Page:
Cambrian ocean world: ancient sea life of North America.Artist/Author: Foster, John.
Aimed at the general reader, this book presents the life and times of the amazing animals that inhabited Earth more than 500 million years ago. During this critical time in Earth’s history nearly every modern group of animals appeared. Although life had been around for more than 2 million millennia, Cambrian rocks preserve the record of the first appearance of complex animals with eyes, protective skeletons, antennae, and complex ecologies. The cascade of interaction led to an ever-increasing diversification of animal body types. By the end of the period, the ancestors of sponges, corals, jellyfish, worms, mollusks, brachiopods, arthropods, echinoderms, and vertebrates were all in place. The evidence of this Cambrian “explosion” is preserved in rocks all over the world, including North America, where the seemingly strange animals of the period are preserved in exquisite detail in deposits such as the Burgess Shale in British Columbia.
Cambrian Ocean World tells the story of what is, for us, the most important period in our planet’s long history.
Dinosaurs and other reptiles from the Mesozoic of Mexico.Artist/Author: Rivera-Sylva, Hector E., et al.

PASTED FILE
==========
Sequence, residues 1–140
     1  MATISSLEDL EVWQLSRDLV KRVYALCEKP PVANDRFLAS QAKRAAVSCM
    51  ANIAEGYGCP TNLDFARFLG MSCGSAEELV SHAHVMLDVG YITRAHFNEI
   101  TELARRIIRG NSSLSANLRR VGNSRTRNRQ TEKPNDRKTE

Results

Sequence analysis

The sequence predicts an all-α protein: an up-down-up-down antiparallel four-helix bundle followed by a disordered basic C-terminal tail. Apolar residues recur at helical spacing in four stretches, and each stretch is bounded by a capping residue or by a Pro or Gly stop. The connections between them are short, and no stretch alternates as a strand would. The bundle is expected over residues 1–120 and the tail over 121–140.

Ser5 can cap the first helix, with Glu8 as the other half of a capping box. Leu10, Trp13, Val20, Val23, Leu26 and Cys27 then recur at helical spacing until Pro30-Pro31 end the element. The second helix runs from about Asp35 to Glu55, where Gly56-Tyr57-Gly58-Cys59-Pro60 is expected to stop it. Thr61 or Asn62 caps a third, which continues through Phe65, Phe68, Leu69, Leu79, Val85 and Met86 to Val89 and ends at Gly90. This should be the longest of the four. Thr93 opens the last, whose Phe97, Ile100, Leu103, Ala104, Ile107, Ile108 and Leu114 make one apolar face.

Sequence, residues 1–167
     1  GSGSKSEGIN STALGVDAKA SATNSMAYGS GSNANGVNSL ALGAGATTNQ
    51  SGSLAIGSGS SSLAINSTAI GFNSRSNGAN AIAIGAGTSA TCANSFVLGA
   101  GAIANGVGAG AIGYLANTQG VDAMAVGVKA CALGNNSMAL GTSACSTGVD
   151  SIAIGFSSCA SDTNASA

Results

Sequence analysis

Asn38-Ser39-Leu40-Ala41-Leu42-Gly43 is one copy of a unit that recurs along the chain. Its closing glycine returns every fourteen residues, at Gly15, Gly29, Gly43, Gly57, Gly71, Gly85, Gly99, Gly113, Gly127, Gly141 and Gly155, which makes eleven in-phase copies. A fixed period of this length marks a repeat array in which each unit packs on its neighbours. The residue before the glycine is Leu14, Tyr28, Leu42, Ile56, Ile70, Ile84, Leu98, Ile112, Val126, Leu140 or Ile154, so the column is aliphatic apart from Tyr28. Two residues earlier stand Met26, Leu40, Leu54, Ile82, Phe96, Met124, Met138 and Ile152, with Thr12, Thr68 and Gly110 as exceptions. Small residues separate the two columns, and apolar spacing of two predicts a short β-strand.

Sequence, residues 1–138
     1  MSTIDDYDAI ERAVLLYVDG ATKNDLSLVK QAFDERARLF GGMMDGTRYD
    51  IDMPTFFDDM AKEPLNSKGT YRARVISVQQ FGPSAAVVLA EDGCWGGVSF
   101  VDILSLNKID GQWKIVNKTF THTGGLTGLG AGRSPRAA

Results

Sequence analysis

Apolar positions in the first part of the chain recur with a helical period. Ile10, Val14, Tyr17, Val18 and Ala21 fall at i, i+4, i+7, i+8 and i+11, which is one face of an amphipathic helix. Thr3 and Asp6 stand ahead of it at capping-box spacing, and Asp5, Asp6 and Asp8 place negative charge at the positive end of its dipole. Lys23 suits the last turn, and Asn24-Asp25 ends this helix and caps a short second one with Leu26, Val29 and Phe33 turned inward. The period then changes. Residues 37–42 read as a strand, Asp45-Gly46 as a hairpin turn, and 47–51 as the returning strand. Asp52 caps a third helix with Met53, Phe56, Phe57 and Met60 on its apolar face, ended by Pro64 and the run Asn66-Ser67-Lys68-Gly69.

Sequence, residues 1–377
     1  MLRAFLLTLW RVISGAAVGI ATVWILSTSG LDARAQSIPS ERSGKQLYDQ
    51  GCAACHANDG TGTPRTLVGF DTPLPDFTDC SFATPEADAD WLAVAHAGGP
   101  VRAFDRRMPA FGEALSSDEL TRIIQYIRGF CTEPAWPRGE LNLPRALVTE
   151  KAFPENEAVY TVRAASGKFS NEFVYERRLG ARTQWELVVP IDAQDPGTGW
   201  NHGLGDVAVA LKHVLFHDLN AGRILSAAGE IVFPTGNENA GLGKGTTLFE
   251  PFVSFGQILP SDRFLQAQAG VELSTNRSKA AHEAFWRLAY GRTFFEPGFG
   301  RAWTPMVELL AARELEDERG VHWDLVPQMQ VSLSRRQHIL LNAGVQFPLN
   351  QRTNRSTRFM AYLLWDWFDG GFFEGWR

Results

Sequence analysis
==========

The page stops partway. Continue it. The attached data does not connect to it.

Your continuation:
Presents an overview of dinosaur discoveries in Mexico that synthesizes current information about the geography and environment of the region during the Mesozoic when it was the western margin of the ancient continent of Pangea. The book summarizes research on various groups, including turtles, lepidosauromorphs, pleisosaurs, crocodyliforms, pterosaurs, and last but not least, dinosaurs. In addition, chapters focus on trackways and other trace fossils and on K/P boundary (the Chicxulub crater, beneath the Gulf of Mexico, has been hypothesized as the site of the boloid impact that killed off the dinosaurs). Dinosaurs and Other Reptiles from the Mesozoic of Mexico is an up-to-date, informative volume on an area that has not been comprehensively described until now.